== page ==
U.S. forces seized hundreds of mortar rounds and rockets in a Sunni neighborhood of Baghdad and detained two suspected terrorists Friday. Jordan became the first Arab country to send a fully accredited ambassador to Iraq.

Authorities ordered all vehicles off the roads starting Friday night for two days in more than a dozen Baghdad neighborhoods to forestall violence during a mass rally commemorating the death of an 8th-century Shiite saint.

Jordan's Ambassador Ahmed al-Lozi presented his credentials to Iraqi President Jalal Talabani on Thursday, said a statement by the president's office.

Al-Lozi arrived Tuesday with Jordanian Prime Minister Marouf al-Bakhit, who was on a three-day visit, and stayed behind to take up his duties, Talabani's aide, Hiwa Othman, told The Associated Press.

CountryWatch: Iraq

Al-Lozi is the first fully accredited Arab ambassador in Iraq. Egypt sent an ambassador, Ihab al-Sherif, last year but he was kidnapped and killed in July 2005 before he could present his credentials.

Despite U.S. pressure, Arab countries have dragged their feet on sending ambassadors to Iraq because of the violence raging in the country since the March 2003 ouster of Saddam Hussein in the U.S.-led invasion.

The violence has seen a sharp spike in recent months — about 3,500 Iraqis were killed in July in sectarian or political violence nationwide, the highest monthly toll for civilians since the war started in March 2003.

A U.S. military statement said soldiers from the 172nd Stryker Brigade Combat Team discovered a cache of weapons in a warehouse while conducting searches Friday in Shula and Ghazaliyah, two hotspot areas of Baghdad where support for Sunni insurgents runs deep, a U.S. military statement said.

The Stryker Brigade is part of the 12,000 U.S. and Iraqi soldiers rushed to Baghdad this month to control the rising tide of insurgency by Saddam loyalists and sectarian violence between Sunnis and Shiites.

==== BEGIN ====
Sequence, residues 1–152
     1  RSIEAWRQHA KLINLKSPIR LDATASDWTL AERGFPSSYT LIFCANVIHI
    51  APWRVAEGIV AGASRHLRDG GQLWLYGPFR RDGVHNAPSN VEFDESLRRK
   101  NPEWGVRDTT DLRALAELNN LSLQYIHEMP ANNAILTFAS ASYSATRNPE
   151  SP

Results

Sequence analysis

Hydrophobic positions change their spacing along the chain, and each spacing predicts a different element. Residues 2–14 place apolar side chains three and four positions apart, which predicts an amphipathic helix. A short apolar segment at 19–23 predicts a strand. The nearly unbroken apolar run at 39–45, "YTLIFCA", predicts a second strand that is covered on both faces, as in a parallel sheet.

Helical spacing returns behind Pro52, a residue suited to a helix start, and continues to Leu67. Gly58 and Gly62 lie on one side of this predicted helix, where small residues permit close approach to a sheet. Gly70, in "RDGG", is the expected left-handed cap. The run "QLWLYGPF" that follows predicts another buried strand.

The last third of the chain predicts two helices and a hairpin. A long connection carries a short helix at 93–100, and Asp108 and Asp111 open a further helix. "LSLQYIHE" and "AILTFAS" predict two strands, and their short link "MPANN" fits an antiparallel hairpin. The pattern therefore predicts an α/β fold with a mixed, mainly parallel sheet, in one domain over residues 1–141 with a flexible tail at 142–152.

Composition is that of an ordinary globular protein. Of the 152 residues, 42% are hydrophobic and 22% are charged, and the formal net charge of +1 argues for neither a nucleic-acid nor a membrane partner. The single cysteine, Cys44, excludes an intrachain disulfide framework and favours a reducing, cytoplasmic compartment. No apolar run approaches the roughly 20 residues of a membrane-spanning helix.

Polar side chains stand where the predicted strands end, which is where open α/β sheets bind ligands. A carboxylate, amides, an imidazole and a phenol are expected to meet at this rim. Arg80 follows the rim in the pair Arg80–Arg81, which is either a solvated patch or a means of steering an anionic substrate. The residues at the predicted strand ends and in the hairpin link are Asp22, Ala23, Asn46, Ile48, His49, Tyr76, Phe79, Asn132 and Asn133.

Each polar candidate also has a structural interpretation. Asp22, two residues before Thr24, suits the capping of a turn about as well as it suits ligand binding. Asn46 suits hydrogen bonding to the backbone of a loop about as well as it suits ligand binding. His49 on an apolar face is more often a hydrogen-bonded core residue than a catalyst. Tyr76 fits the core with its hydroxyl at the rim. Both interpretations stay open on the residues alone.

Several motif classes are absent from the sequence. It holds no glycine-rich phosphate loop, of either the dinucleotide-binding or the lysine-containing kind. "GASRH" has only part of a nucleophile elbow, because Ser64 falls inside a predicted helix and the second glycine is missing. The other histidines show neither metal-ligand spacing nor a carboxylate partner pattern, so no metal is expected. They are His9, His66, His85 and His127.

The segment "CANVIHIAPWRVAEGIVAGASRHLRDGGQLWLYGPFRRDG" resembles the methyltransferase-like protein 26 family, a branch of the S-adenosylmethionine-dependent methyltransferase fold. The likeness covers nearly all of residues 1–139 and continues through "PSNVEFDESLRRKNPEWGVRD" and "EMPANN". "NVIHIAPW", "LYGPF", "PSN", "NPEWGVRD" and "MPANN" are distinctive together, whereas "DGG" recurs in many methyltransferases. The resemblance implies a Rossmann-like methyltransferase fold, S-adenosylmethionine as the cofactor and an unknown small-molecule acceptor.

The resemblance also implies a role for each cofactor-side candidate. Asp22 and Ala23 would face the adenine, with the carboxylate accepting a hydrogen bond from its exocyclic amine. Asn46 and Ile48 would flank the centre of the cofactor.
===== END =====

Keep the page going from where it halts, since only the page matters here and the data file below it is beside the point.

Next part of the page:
The tit-for-tat attacks by Shiites and Sunnis since the Feb. 22 bombing of a Shiite mosque has raised fears of an all-out civil war, and diverted resources needed to fight the insurgency.

The U.S. statement said the seized weapons included 583 rounds of mortars, 104 rocket propelled grenades, 249 rockets, machine guns, automatic rifles, ammunition and bomb making equipment.

Two suspected terrorists were detained for questioning, it said.

A separate Iraqi statement said soldiers raided the Al-Sediq Sunni mosque in Ghazaliyah on a tip off and confiscated mortar shells, a belt of explosives likely to be used by a suicide bomber, 27 wire communications sets, rocket propelled grenade launchers and magazines of bullets.

Iraqi security forces detained 77 people across Iraq during the last 24 hours, the statement said.

Also Friday, gunmen attacked a convoy of civilian trucks carrying unspecified goods had just left Baghdad for the northern city of Irbil. The attack occurred in Taji, 12 miles north of the capital, and left one guard traveling alongside in an SUV was killed, said police Lt. Ahmed Al-Qaisi.

Iraqi police found five bodies with gunshot wounds in Mahmoudiya, about 20 miles south of Baghdad, and a roadside bomb killed one person in Balad Ruz, 45 miles northeast of Baghdad.

Six more bullet-riddled and tortured bodies of men were found in the Tigris river 25 miles south of Baghdad.

A government statement said private vehicles will be banned from streets in about 16 neighborhoods of Baghdad starting Friday night until Monday 6 a.m. during a Shiite religious ceremony marking the death in 799 A.D. of Imam Moussa Kadhim, one of the 12 major Shiite saints. He is buried in Baghdad's Kazimiyah district.

The ceremony, which is expected to bring tens of thousands of Shiites from across the country, reaches its high point Sunday.